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Excerpt from Oral History Interview with J. W. Mask, February 15, 1991. Interview M-0013. Southern Oral History Program Collection (#4007) See Entire Interview >>

White school gets buses before black school

Mask recalls that while transportation did not pose much of a problem, the county provided the white school with buses before it did so for the black school.

Citing this Excerpt

Oral History Interview with J. W. Mask, February 15, 1991. Interview M-0013. Southern Oral History Program Collection (#4007) in the Southern Oral History Program Collection, Southern Historical Collection, Wilson Library, University of North Carolina at Chapel Hill.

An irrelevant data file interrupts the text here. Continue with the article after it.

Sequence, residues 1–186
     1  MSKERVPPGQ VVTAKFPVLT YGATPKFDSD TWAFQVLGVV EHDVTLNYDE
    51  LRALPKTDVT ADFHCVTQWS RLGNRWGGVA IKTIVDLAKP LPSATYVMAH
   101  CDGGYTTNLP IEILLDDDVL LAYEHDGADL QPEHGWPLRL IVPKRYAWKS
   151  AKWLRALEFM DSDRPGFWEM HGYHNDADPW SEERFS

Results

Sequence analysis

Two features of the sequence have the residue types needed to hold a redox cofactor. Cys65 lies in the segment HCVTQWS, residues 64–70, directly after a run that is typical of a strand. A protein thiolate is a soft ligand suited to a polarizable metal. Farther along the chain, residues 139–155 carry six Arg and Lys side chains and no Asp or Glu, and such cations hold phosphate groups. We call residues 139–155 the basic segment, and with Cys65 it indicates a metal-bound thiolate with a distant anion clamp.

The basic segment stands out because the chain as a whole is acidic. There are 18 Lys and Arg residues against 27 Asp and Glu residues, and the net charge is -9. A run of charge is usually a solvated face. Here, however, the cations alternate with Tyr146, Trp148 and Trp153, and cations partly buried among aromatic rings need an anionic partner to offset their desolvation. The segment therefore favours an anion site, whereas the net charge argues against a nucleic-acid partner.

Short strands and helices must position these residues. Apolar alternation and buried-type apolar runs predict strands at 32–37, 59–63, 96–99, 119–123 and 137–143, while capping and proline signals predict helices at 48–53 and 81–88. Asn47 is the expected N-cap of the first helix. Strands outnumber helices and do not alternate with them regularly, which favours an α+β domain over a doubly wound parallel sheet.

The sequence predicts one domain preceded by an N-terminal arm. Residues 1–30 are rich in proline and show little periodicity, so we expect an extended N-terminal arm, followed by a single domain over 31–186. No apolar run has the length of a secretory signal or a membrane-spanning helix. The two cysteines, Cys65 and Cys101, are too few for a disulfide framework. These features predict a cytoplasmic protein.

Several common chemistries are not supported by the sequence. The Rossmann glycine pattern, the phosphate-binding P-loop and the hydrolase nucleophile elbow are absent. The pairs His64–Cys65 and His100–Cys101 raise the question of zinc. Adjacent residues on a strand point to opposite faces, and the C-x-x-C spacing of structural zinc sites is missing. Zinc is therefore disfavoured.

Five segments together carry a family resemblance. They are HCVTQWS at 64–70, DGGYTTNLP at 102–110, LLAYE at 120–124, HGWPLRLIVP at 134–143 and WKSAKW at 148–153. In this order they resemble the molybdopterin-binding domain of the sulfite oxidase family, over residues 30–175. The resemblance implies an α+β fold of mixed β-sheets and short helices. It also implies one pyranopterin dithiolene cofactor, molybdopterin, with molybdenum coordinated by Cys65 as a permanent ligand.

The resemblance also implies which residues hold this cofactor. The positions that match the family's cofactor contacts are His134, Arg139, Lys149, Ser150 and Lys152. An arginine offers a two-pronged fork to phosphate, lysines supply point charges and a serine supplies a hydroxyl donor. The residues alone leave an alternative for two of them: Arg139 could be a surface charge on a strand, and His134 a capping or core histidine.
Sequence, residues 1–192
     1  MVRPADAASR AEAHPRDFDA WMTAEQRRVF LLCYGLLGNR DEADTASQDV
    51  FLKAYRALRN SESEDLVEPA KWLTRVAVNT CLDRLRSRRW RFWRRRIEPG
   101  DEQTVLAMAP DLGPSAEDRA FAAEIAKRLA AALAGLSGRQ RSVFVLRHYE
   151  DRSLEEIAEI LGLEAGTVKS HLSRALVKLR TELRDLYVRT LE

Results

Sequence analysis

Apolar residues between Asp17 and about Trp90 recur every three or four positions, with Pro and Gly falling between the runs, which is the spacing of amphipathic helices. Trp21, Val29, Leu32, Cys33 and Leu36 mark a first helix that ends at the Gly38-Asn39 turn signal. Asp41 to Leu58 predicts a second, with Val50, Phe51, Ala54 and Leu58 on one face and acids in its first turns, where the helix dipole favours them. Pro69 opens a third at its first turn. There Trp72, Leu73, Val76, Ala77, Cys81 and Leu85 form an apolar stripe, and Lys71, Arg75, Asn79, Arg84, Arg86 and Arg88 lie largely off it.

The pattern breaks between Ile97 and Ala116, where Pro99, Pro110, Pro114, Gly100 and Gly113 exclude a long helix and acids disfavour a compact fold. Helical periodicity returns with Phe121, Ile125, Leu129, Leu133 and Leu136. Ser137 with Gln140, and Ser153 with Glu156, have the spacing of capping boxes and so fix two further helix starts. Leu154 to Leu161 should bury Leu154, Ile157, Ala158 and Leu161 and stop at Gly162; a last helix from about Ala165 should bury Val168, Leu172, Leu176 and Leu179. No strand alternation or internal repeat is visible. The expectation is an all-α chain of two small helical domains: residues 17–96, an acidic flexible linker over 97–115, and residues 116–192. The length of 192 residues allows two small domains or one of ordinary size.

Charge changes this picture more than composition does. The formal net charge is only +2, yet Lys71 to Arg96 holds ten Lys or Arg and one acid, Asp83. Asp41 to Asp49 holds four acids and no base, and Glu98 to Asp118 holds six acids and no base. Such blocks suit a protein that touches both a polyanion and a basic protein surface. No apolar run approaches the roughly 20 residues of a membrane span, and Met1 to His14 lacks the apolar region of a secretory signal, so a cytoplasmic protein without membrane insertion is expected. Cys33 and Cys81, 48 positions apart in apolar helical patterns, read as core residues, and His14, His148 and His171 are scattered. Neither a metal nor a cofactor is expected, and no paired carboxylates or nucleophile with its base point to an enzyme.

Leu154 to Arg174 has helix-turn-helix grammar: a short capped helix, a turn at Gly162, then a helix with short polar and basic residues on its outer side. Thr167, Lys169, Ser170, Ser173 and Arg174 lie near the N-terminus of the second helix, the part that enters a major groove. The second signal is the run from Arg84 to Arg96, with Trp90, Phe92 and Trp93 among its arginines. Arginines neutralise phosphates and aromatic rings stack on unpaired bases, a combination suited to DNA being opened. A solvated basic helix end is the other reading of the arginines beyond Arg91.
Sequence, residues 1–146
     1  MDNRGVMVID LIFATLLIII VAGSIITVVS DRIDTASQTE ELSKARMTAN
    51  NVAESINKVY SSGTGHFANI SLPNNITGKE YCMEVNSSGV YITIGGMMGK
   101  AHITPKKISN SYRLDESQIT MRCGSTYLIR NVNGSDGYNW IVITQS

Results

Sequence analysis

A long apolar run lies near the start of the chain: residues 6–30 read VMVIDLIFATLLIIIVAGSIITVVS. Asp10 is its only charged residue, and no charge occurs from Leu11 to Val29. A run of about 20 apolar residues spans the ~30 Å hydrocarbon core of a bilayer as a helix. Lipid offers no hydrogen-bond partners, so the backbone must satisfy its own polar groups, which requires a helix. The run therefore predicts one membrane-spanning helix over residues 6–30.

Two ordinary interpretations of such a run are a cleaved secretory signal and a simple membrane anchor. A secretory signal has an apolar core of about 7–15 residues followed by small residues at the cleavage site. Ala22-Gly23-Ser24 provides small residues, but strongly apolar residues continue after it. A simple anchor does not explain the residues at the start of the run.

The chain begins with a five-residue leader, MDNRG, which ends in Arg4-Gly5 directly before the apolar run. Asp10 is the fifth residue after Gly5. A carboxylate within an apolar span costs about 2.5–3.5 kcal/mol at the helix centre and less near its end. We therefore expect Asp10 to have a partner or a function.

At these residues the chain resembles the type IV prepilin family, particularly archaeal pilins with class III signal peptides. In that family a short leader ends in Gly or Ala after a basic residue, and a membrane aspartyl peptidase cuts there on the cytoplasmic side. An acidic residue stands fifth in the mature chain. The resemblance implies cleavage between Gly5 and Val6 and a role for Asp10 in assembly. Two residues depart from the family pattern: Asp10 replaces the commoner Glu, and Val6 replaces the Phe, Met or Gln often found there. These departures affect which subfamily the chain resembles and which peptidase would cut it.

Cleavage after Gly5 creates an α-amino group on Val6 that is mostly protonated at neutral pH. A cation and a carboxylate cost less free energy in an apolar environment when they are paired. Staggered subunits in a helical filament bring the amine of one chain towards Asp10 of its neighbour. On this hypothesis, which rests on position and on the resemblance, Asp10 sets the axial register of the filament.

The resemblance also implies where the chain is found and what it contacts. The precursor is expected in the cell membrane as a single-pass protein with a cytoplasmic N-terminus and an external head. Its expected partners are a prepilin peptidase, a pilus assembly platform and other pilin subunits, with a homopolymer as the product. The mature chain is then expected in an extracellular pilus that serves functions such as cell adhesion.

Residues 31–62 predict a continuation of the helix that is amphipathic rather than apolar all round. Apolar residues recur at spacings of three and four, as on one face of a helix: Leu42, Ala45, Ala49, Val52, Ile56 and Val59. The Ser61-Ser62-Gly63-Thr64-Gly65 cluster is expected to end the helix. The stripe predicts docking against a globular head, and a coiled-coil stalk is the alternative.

Full Text of the Excerpt

GOLDIE F. WELLS:
Tell me about transportation.
J. W. MASK:
Transportation came slowly. The first bus that we got here and I'm not sure that we raised all the money but our PTA did initiate the bus acquisition. The whites had buses long before we did. The county has to provide the first bus so they did at that time. Sometime in the late fifties we began to get buses and after we bought our initial bus then they began to provide buses for us as our route enrollment required. Transportation was really not a problem. We are talking about the segregated school system. Our only concern was having the availability of the buses to provide for the children who had to get to school. Some of them had to walk four and five miles to school.